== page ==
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Review: 'Battle for Terrra'

‘Battle for Terra’ is a bewitching sci-fi tale

Posted: April 30, 2009 5:19 p.m.
Updated: May 1, 2009 6:00 a.m.

A scene from "Battle for Terra." Roger Ebert recommends seeing the film in 2-D instead of 3-D to receive the full effect of the nicely stylized animation and well-chosen color palate.

 
"Battle for Terra" is a bewitchingly animated story about an invasion from outer space by aliens who threaten to destroy all life on the planet so they can claim it as their own. I know what you're thinking. Here's the surprise: The aliens are the human race. The inhabitants of Terra look like cute tadpoles, combined with features of mermaids and seahorses.

The planet Terra (so named by the Terrans) is one of the stars of the film. A world where nearly everything seems to be organic, it has a unique scale. Although a Terran is of considerable size, about as large as a human child of 6 of 7, the vegetation grows on a much larger scale, so that a hollow reed can be used for high-rise living. The civilization includes certain mechanical features (helicopter chairs, ultralight aircraft), but seems very much a part of nature.

The thinking that went into this other world is typical of classic science fiction, both in its physical details and its sociological ones.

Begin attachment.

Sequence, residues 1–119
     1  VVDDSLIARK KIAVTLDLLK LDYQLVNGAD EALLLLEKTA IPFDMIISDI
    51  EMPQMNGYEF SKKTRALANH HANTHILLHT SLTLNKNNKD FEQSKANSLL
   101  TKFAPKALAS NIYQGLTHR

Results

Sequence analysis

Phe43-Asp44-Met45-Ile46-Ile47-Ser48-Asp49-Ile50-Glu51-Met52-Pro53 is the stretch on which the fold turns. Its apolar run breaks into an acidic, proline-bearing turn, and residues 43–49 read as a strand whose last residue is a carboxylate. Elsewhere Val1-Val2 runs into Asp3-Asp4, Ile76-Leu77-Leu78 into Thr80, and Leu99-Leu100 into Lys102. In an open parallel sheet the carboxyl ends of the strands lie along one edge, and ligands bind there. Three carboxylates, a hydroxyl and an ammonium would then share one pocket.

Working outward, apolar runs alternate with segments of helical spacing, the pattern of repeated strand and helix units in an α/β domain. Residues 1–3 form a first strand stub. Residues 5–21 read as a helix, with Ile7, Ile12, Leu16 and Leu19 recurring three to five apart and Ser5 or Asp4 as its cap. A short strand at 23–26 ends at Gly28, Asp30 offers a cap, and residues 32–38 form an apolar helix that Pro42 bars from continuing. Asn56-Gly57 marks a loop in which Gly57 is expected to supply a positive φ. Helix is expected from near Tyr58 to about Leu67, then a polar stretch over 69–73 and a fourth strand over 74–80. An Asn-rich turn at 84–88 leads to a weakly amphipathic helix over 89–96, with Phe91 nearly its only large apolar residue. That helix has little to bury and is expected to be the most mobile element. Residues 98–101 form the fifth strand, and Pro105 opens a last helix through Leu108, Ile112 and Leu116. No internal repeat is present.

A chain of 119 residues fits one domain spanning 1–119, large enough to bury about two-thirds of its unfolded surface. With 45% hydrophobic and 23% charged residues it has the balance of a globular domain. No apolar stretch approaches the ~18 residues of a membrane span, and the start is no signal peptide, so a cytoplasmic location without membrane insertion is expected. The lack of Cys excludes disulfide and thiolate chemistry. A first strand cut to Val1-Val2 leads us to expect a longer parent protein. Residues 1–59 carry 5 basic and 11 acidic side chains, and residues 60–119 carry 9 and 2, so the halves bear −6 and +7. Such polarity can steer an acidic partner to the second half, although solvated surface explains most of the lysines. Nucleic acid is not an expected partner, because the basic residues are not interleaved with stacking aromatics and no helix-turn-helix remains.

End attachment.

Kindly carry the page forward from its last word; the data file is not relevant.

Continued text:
The atmosphere is apparently dense enough that the Terrans can hover with a minimal effort by their tadpole tails.

It can also support huge, friendly sky leviathans, who float among the clouds like peaceful whales. The planet is ruled by a well-meaning thought-control autocracy, which enforces strict conformity and discourages independent thought.

When a vast human vessel appears in the sky, the Terrans assume it is God. The bright, rebellious Mala (voice by Evan Rachel Wood) thinks otherwise. When her light aircraft is pursued by a human fighter plane, she lures it into a crash, then rescues its pilot, Jim Stanton (Luke Wilson). Helped by Jim's chirpy robot companion, Giddy (David Cross), she saves his life and builds a dome within which he can breathe oxygen.

Oxygen is the problem. The humans, exhausted after a generations-long voyage through the cosmos, intend to replace Terra's atmosphere with oxygen, thus providing a new Earth for themselves, but alas, killing all life forms on Terra.

This gaiacide is directed by the militarist General Hemmer (Brian Cox), who brushes away Jim's arguments that the two races can peacefully coexist.

All leads to war, which was a disappointment to me, because a film that offers invention and originality reduces itself to essentially just another aerial battle with, however, some nice touches. Are kids thought to require combat at the end? Could they perhaps be trusted to accept a character-based resolution?

The movie contains a subtle level of socio-political commentary, involving the blind faith encouraged by the leaders on both sides, the questioning of orthodoxy by Mala and her friend Senn (Justin Long) and the nuke-the-enemy strategy of General Hemmer. The assumption that the Earthlings are gods shows the pitfalls of imposing a supernatural solution to a natural problem.

The animation is nicely stylized and the color palate well-chosen, although the humans are so square-jawed they make Dick Tracy look like Andy Gump.

The voice performances are persuasive. The obvious drawback is that the film is in 3-D.

If you can find a theater showing it in 2-D, seek out that one. The 3-D adds nothing and diminishes the light intensity, as if imposing a slightly cloudy window between the viewer and a brightly colored wonderland. Take off the glasses to see how much you're losing.

© 2009 THE EBERT CO.

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